- BE ON TIME. It’s disruptive to the rest of the class when others arrive late. If arriving late to a workshop, please be aware that it is not polite to stand in front of other students who were there first. Late arrivals should move to the rear of the class.
- Please turn off your cell phone!
- When arriving at a workshop, it’s ok to “mark” your place on the floor with your bag, hip scarf, notebook, water bottle, etc. but if the workshop starts and you haven’t returned in time, Don't be upset if your spot has been taken and your items moved aside.
- Please do not leave your things in the middle of the floor once the workshop begins. People may trip on them. Leave your items on the side of the room and go to that spot to write your notes. If you are the kind of person that writes a lot of notes, it may be best if you choose a spot closest to the edge, so you are not walking back and forth in front of people to get to your notebook.
- Please do NOT wear a coin scarf or noisy bangles or jingly jewelry. This is a dance workshop, not a performance. Anything noisy can distract you and others. Everyone wants to hear what the instructor is saying.
- Please refrain from talking over the instructor when other students are trying to hear. Even if you are in the back of the room or right outside of the room, please be aware that we may be able to hear you.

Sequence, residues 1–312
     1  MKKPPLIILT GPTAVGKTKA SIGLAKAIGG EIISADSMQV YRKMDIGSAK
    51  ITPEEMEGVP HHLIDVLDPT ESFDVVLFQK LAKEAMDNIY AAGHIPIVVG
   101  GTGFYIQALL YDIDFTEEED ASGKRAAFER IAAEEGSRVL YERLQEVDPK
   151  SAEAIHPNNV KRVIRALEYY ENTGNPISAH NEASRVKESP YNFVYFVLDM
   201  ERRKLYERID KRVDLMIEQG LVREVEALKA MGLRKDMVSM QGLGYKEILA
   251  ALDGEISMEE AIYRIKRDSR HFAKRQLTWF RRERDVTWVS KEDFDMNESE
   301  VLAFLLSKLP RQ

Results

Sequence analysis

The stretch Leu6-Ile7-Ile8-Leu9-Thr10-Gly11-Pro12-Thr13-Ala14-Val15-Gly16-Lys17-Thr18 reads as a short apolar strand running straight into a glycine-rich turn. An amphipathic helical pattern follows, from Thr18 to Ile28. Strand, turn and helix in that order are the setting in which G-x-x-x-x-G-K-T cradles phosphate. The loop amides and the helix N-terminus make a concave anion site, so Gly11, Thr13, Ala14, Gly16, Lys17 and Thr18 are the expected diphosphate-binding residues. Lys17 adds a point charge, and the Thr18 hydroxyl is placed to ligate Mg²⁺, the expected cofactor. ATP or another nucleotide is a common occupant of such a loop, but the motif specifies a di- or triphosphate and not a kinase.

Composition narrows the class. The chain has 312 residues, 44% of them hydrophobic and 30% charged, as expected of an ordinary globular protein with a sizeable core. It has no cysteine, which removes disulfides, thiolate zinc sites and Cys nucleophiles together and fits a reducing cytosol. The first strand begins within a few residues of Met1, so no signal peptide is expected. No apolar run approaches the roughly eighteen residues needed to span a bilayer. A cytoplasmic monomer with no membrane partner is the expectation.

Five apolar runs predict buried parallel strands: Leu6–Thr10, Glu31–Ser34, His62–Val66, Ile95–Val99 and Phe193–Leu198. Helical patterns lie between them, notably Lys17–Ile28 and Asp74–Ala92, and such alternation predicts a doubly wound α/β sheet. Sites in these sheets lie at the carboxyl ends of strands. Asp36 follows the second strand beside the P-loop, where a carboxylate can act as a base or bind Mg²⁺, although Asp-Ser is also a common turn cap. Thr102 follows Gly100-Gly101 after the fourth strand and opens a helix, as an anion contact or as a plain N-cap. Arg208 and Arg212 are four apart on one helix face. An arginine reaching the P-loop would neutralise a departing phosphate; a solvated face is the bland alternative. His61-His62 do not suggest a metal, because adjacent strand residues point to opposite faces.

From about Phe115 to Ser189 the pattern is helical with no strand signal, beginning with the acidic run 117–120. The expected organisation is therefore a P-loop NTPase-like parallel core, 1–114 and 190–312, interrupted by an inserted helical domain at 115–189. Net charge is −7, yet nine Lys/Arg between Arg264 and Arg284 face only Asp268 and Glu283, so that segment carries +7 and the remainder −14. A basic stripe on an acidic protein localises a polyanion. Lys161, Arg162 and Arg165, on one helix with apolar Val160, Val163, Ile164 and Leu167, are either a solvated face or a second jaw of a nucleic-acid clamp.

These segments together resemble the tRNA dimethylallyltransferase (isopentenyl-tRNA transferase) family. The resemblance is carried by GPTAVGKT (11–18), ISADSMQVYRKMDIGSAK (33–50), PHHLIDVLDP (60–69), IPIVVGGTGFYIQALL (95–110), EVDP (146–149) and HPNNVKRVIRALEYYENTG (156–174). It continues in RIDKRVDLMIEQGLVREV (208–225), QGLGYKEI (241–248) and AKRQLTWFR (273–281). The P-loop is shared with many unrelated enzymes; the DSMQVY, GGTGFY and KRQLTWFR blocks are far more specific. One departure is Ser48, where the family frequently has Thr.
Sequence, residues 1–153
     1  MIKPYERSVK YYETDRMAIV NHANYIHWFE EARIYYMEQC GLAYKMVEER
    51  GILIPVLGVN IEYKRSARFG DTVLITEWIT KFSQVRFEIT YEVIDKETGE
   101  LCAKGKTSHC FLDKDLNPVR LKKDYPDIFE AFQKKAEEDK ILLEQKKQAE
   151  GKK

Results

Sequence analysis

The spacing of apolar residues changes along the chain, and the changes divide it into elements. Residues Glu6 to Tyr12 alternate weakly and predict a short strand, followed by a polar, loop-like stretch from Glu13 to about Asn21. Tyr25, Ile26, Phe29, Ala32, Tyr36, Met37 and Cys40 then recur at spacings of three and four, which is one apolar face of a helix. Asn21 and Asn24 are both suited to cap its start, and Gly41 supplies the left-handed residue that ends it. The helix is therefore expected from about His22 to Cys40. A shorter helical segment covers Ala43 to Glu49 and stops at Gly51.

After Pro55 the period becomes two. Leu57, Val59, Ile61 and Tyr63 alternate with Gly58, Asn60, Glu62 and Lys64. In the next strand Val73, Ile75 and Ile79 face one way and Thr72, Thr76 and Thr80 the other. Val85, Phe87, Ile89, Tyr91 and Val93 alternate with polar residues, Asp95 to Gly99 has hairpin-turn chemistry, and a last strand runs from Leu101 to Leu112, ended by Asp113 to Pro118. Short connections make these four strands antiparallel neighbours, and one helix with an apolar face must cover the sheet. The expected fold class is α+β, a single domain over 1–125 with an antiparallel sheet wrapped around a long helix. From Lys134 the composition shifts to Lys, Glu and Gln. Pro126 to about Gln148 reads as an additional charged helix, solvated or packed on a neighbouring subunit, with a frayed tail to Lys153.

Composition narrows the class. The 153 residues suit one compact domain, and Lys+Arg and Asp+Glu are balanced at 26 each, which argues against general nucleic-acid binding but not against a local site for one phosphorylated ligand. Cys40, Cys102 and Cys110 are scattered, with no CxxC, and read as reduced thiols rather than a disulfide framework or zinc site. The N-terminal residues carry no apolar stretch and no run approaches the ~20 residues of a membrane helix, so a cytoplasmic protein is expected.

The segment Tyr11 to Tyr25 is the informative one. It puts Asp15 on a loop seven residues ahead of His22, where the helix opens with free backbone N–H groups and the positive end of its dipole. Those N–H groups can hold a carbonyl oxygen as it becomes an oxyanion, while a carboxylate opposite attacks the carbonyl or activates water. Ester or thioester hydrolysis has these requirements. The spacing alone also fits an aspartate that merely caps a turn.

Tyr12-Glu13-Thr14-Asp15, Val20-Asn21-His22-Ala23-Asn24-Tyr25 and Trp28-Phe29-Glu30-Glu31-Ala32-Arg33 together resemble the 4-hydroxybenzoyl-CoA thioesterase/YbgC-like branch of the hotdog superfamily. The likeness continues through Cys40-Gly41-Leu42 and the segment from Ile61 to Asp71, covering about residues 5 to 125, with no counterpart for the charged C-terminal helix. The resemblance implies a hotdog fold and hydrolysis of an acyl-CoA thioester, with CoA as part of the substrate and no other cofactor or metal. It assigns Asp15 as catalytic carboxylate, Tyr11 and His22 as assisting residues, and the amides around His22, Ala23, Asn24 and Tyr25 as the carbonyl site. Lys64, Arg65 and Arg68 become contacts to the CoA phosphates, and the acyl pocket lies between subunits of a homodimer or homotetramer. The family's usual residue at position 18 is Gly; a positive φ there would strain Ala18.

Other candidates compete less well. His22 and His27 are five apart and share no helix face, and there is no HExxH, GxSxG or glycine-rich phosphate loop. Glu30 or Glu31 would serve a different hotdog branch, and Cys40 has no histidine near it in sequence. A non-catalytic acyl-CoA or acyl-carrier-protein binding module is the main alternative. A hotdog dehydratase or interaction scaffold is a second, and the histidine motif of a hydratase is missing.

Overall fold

- Please do not try to instruct other students; that is the job of the instructor.
- Position yourself at a dance workshop relative to your dance experience. In an article in Middle Eastern Dancer, international dance star, Horacio Cifuentes, commented on differences between American and European dance classes. He said European dance students begin their training in the back of the room and earn their positions in the front. This is a good idea. if a classroom is large, students may not always be able to see the teacher and will watch students in front of them. if you feel confident that you will be able to catch on quickly and perform movements accurately, try to grab a spot up front. However, if you are a beginning student or do not grasp movements quickly, you will probably be more comfortable dancing toward the back of the room.
- Be aware of your dance space and others dance space. Try not to bump into or enter another dancers dance space.
- If you are lucky enough to have mirrors at the location of the workshop, please be courteous of the dancers next to you and directly behind you. They are trying to see themselves too. It's not all about you, this is a group class, not a private lesson.
- If the teacher is trying to demonstrate for the class, watch! Don't do it with them. This is the time for you to pay attention to the instructor.
- Please ask the workshop host and/or the workshop instructor's permission before taking photos. It's just common courtesy. And by no means should you record either in audio and/or video without permission.
- Lastly, have fun! Smile and enjoy yourself. Let's make this an enjoyable experience for everyone. Happy shimmies. :-)
In our excitement we tend to forget that when we attend a dance workshop there are certain courtesies and etiquette. Here are a few things to remember when attending a workshop so it can be enjoyable for all.
Mahira is a Chicago area